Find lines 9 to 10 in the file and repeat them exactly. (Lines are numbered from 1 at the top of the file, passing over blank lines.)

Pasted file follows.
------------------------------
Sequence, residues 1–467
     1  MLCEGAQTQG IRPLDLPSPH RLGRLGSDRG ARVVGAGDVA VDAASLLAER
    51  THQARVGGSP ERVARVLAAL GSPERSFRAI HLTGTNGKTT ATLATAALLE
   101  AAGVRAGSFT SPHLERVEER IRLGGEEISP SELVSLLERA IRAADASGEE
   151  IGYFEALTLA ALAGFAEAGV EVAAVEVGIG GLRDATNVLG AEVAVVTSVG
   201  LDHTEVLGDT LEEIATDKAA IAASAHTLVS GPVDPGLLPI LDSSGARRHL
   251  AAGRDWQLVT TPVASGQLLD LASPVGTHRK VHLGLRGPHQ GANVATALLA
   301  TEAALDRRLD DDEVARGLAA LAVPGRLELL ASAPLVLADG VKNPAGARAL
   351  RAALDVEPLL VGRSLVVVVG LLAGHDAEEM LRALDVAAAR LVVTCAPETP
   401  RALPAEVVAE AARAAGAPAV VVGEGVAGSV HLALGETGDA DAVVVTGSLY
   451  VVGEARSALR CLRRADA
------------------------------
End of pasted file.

   351  RAALDVEPLL VGRSLVVVVG LLAGHDAEEM LRALDVAAAR LVVTCAPETP
   401  RALPAEVVAE AARAAGAPAV VVGEGVAGSV HLALGETGDA DAVVVTGSLY